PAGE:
Regulation of the cell cycle: retinoblastoma protein pathway

The retinoblastoma gene family consists of three members and encodes for the proteins pRb, p107 and p130 [56, 20, 29, 51]. Of these three proteins, pRb (encoded by the RB1 gene) has been extensively studied due to its key role in regulating the cell cycle and in functioning as a tumor suppressor gene. It is a 928 amino acid protein that consists of tandem cyclin fold regions separated by spacers and a C-terminal domain. These domains form a “pocket” which is the basis of pRb function. Targets that interact with the pRb pocket include E2F transcription factors and regulators of pRb, such as CDK-cyclin complexes. The affinity of the binding pocket is regulated by post-translational modifications, most commonly phosphorylation of serine and threonine residues in N-terminal and C-terminal domains and in spacer regions, which alter the conformation of the pocket and the binding affinity for specific targets.

CDK inhibitors such as p16INK4a and p21Cip1/Waf1 also play critical roles in regulating pRb function by directly inhibiting CDK4/CDK6 or inhibiting cyclin-CDK2/ CDK1 complexes, respectively (Fig. 7.2) [56, 22, 20, 1, 29, 51, 144]. Feedback loops exist that also regulate pRb function [29]. Phosphorylation of pRb releases E2F and allows for transcription of E-type and A-type cyclins that leads to further phosphorylation of pRb via CDK2. This positive feedback loop allows the cell to progress through the “restriction point” of the cell cycle. However, E2F that has been freed of pRb repression also initiates a negative feedback loop by promoting RB1 gene transcription. This results in an increase in pRb levels, sequestration of E2F and concomitant downregulation of E2F. Epigenetic signaling may also play a role in regulating pRb activity specifically through promoter hypermethylation and silencing of the RB1 gene [51].

Despite the key role played by pRb in regulating the G1 phase of the cell cycle, it is interesting to note that control of cell cycle arrest requires cooperation between pRb and p53 as shown by the fact that RB null mouse embryonic fibroblasts still transition from G1 to S phase but arrest in G2 phase under conditions of serum starvation due to upregulation of p21Cip1/Waf1 via p53 [42]. Other studies have shown that combined heterozygous loss of pRb and p53 result in the development of a wider range of tumors compared with mice with heterozygous pRb loss alone [145]. Small cell lung cancer (SCLC) is induced in the lung epithelium of mice deficient in pRb and p53, while mice with CDKN2A loss and functional inactivation of pRb and p53 via loss of p16INK4a and p19ARF (mouse homologue of p14ARF in humans) respectively, develop sarcomas and lymphomas [115, 90]. Another study showed that over 75% of melanoma cell lines had defects in both the p53 and pRb pathways [146]. These results highlight the importance of the interaction between the pRb and p53 pathways and the potential role of pRb in tumor initiation and the critical role played by p53 in acting as a failsafe cell cycle checkpoint [79, 82].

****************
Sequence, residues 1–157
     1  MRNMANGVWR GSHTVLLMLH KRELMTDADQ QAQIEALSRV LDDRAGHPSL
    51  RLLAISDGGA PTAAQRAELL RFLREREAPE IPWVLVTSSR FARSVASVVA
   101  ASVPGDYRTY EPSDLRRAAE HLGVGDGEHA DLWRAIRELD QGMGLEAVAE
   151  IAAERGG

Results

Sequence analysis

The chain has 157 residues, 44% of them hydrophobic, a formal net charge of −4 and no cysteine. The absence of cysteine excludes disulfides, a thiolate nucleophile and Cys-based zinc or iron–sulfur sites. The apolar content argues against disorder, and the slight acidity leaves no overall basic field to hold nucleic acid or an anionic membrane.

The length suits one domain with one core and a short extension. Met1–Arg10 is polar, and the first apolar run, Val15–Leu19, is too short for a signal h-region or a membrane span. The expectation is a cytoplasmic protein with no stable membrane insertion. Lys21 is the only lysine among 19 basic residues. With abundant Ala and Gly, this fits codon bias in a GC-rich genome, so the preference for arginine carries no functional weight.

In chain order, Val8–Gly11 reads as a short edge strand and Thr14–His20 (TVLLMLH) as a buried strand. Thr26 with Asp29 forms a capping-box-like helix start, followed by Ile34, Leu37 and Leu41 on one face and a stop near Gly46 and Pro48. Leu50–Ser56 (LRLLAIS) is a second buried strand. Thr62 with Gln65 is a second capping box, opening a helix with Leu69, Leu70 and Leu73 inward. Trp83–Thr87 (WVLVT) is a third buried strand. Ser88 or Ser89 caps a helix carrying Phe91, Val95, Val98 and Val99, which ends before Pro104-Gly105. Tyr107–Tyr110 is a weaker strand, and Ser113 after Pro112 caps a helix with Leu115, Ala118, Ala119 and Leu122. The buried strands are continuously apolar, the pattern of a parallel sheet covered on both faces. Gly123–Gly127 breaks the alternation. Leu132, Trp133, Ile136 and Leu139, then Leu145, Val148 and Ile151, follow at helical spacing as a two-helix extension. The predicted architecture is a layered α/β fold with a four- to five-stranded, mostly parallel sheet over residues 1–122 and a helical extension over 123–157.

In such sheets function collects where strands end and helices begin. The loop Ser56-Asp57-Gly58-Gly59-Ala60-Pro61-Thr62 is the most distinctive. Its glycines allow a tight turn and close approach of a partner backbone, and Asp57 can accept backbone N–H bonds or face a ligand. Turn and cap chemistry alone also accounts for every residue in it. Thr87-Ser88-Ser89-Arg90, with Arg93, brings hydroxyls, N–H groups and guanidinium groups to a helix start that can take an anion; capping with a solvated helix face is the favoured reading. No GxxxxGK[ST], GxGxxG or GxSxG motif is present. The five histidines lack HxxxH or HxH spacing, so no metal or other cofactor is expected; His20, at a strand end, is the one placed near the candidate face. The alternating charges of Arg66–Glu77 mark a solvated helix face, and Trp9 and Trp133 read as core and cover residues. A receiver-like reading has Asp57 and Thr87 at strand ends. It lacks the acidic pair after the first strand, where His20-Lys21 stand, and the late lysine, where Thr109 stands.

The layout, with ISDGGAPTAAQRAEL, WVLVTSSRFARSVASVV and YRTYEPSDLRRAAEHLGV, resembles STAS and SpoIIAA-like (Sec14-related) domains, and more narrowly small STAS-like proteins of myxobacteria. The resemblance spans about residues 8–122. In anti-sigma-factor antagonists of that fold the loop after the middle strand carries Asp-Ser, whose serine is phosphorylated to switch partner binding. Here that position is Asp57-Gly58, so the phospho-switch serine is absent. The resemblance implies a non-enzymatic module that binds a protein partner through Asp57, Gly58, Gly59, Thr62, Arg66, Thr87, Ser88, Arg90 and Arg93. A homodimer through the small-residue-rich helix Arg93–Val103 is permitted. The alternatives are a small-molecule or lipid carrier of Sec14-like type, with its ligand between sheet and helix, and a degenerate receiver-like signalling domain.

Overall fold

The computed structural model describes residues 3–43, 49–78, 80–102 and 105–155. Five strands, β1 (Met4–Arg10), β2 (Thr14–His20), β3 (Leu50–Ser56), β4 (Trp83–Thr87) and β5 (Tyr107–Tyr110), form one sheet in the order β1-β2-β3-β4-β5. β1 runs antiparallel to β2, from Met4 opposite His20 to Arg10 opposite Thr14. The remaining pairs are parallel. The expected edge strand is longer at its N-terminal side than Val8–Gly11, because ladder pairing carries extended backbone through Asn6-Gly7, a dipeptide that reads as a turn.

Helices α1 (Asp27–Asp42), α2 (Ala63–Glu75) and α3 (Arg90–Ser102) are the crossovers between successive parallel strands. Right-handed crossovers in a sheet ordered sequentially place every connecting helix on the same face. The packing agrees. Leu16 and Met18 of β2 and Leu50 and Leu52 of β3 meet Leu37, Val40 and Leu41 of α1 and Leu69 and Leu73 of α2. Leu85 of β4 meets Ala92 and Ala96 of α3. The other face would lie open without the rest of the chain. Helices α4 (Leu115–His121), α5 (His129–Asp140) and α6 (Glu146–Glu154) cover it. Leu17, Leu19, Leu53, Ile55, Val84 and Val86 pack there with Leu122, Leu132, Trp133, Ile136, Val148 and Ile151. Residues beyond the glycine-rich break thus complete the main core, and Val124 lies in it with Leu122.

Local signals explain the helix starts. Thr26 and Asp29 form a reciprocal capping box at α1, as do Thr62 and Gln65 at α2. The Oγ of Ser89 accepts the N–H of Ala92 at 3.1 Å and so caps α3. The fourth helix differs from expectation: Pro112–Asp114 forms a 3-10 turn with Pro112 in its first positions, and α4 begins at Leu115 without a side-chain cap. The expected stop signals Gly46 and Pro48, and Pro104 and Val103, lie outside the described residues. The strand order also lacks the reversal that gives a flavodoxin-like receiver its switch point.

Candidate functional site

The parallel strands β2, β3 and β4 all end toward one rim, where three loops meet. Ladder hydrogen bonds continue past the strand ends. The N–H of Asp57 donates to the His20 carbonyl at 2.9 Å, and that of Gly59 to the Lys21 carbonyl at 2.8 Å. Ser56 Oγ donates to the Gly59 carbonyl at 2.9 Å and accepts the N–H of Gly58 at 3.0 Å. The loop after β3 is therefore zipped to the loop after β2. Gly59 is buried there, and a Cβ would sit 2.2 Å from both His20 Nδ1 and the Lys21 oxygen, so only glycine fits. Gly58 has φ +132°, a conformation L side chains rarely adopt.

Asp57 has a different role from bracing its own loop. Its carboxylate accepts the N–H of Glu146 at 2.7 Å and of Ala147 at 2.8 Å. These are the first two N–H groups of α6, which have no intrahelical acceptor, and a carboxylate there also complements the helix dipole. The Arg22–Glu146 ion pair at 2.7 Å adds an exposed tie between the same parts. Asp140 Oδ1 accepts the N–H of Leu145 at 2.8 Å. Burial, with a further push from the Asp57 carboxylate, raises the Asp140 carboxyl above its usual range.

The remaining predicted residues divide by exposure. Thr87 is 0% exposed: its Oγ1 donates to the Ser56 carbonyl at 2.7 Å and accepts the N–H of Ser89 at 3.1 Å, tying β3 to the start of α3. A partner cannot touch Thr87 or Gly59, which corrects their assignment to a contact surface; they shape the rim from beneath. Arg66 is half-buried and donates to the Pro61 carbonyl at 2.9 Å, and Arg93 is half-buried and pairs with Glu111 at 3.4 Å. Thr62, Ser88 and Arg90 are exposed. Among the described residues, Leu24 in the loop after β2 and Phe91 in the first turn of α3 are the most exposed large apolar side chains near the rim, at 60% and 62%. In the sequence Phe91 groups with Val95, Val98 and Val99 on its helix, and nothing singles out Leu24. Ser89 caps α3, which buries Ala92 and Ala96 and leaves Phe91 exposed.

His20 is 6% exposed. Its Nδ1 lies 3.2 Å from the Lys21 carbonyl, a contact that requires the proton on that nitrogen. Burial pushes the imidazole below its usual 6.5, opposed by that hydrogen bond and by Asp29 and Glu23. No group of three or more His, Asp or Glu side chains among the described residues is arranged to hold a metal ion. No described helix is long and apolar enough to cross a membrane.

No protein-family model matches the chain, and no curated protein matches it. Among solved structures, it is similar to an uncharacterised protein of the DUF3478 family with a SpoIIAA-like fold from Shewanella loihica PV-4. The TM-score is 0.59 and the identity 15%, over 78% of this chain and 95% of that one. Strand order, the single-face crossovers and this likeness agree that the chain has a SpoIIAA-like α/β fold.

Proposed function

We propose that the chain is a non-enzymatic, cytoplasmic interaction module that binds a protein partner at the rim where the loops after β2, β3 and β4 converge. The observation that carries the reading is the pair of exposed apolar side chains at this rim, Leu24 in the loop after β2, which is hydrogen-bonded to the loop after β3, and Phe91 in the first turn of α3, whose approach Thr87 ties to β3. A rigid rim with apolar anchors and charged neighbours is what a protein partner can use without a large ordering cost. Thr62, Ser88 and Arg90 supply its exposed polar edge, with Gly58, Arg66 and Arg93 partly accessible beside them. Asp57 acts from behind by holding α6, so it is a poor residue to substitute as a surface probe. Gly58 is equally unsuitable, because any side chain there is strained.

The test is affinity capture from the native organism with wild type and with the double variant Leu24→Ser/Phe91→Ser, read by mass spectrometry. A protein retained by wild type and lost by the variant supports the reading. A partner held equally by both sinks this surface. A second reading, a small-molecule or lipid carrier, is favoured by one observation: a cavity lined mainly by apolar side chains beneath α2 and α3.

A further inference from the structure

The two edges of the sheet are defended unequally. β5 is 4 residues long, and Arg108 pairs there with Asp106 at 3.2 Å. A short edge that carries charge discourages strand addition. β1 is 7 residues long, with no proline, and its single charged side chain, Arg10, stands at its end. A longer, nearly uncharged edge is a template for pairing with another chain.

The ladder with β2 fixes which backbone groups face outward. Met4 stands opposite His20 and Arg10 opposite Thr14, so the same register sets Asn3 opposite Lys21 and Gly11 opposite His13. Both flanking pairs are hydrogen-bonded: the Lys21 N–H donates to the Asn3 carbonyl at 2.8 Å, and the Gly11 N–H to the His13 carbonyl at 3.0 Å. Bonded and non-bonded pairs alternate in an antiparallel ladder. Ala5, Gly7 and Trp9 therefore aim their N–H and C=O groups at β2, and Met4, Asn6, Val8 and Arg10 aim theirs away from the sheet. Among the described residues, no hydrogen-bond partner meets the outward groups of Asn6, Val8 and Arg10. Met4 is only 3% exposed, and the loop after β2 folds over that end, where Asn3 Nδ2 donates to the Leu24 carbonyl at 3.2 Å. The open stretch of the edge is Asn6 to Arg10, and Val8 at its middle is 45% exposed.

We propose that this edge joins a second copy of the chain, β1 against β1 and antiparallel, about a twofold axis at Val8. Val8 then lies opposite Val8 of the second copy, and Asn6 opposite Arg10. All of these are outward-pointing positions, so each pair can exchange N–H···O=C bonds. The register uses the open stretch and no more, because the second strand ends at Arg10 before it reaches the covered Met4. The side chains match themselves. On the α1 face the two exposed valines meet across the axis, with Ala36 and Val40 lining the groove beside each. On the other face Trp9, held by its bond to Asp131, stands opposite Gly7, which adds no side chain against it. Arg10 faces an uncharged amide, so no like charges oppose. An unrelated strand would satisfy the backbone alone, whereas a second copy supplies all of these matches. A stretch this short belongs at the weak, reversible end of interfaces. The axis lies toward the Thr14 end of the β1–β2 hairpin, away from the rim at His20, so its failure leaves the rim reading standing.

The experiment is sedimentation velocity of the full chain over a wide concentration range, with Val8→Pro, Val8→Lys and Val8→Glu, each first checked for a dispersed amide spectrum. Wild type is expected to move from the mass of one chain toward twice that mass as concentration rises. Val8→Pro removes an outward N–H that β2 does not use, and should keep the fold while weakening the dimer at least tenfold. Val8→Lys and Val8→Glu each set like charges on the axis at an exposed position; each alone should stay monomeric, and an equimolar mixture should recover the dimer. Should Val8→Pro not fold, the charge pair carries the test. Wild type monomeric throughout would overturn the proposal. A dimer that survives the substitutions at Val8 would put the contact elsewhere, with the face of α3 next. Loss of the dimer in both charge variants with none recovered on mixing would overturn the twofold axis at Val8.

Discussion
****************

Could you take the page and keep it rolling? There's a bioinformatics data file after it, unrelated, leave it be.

In addition to regulation of the cell cycle, pRb plays a role in several other related cellular functions. pRb is known to bind factors that regulate chromatin structure such as DNA methyltransferases, histone methyltransferases, histone demethylases and histone deacetylases [29, 51]. Through chromatin modification and interaction with E2F, pRb plays a fundamental role in regulating the transcription of an array of genes. In addition, pRb may play a role in promoting cellular senescence, through chromatin remodeling and formation of senescence associated heterochromatin foci, and in regulating apoptosis through E2F-1 which can transcribe genes necessary for apoptosis such as APAF-1 [29, 51, 121]. Another essential role of pRb that has been recently brought to light is its ability to help maintain genomic stability and to prevent aneuploidy [85]. Loss of pRb is associated with accumulation of DNA damage and with defects in the mitotic spindle, kinetochores and centrosomes. It is believed that dysregulation of E2F and its target genes such as MAD2 may help explain some of these mitotic defects.